In new construction homes, builder partner quality procedures should provide evidence that exterior wall construction is built to the original specifications. Verification is performed by a building UA measurement and an infiltration measurement.
In existing buildings, however, wall state cannot be assumed. Insulation can slump, decay, or not be installed in the first place. Water infiltration can cause degradation over time. Settling can cause cracks to appear. Only destructive exploration will fully expose the actual wall state. However, additional testing can be done to characterize the state of the walls. Performance metrics of interest include R-value of cavity insulation, stud spacing, moisture barrier state, and infiltration level.
Cavity insulation and stud locations can be explored using a calibrated infrared (IR) camera (see IR thermography) to inspect the wall during a period of high differential temperature. Studs will appear as vertical stripes, and substantial insulation gaps should be evident. Knowing ambient and room temperatures plus wind speed, a calculation can be performed to estimate cavity R-value.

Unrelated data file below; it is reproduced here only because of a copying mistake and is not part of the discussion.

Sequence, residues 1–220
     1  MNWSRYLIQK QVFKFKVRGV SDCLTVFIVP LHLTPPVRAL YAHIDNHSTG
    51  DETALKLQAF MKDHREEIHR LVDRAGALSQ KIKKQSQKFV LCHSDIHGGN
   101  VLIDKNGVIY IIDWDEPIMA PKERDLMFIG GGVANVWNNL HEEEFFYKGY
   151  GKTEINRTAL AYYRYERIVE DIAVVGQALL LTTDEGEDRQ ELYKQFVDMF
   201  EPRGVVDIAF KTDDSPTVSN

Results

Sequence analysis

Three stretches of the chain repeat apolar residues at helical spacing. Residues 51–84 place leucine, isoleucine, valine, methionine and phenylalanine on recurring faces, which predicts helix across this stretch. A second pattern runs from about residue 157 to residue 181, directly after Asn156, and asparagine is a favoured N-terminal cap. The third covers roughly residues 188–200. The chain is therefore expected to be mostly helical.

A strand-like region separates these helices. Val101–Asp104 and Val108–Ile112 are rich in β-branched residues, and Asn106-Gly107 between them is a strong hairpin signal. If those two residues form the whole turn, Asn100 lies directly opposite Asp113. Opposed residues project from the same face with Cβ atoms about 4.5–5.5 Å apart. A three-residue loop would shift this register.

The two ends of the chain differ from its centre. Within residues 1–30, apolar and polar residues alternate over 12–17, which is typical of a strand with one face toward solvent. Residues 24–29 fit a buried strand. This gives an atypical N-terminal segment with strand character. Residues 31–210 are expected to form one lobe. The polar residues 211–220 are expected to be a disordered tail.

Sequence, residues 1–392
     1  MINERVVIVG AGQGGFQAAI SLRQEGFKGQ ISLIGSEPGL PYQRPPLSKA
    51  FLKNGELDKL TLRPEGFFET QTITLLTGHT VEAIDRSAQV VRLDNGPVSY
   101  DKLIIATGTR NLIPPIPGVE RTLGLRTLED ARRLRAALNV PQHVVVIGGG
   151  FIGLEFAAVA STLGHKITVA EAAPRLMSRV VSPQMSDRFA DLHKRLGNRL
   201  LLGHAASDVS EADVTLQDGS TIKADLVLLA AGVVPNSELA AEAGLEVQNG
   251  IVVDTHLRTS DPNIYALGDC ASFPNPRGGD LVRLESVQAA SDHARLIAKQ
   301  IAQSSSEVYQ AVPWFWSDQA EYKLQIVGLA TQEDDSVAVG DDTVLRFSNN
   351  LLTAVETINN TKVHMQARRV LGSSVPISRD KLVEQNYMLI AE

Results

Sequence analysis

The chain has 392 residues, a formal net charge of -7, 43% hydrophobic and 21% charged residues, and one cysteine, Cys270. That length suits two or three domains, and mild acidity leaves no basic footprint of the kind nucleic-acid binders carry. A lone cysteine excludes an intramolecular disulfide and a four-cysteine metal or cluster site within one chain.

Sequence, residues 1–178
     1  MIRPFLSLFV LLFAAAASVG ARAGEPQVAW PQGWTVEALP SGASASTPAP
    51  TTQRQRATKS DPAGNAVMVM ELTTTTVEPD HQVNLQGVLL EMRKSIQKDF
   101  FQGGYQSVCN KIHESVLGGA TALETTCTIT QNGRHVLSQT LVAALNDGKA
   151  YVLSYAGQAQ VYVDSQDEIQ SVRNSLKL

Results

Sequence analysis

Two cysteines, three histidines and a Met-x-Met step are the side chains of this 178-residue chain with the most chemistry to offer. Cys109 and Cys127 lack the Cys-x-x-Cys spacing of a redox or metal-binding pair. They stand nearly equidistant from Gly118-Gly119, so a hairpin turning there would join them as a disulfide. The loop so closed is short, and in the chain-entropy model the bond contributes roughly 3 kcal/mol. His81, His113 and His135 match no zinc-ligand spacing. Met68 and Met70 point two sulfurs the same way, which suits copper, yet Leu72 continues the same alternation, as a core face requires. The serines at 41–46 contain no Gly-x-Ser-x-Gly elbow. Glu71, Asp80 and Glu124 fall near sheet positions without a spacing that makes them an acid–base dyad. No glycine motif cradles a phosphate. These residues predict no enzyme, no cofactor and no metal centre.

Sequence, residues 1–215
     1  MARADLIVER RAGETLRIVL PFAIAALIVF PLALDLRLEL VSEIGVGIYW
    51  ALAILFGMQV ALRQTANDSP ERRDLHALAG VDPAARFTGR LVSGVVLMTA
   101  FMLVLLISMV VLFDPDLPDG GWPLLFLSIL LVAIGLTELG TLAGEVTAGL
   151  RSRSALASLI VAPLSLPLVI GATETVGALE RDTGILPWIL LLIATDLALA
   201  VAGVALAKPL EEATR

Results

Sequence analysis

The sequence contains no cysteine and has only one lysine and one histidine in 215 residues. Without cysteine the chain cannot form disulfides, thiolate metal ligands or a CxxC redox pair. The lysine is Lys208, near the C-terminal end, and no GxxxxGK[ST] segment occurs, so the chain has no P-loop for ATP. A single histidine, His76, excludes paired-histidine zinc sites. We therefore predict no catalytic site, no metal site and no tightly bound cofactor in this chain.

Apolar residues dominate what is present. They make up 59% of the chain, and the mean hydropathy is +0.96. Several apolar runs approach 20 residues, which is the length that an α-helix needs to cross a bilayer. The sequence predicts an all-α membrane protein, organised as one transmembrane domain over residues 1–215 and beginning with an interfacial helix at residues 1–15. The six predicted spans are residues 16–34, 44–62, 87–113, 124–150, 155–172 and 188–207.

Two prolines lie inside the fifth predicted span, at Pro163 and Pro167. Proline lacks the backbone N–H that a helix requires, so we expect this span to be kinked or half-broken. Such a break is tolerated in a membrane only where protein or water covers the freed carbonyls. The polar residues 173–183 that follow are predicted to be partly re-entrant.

Another method to estimate cavity insulation level is to drill a small hole near the top of the stud bay, and inspect it using a borescope. The user should be able to view what type of insulation exists, and what state it is in.
Finally, in some cases, only using a thermal conductivity sensor is reasonable. Be careful where this is placed, to minimize alternate heat transfer paths from affecting the measurement.
Moisture can be inspected using a moisture meter or an IR camera, to get a general sense of where problems may be occurring. Neither of these is a long-term solution. Condensation sensors can be used to sense water condensation at problem areas.
Infiltration of a single wall is seldom of interest. Individual cracks can be inspected during a blower door test using a smoke pen.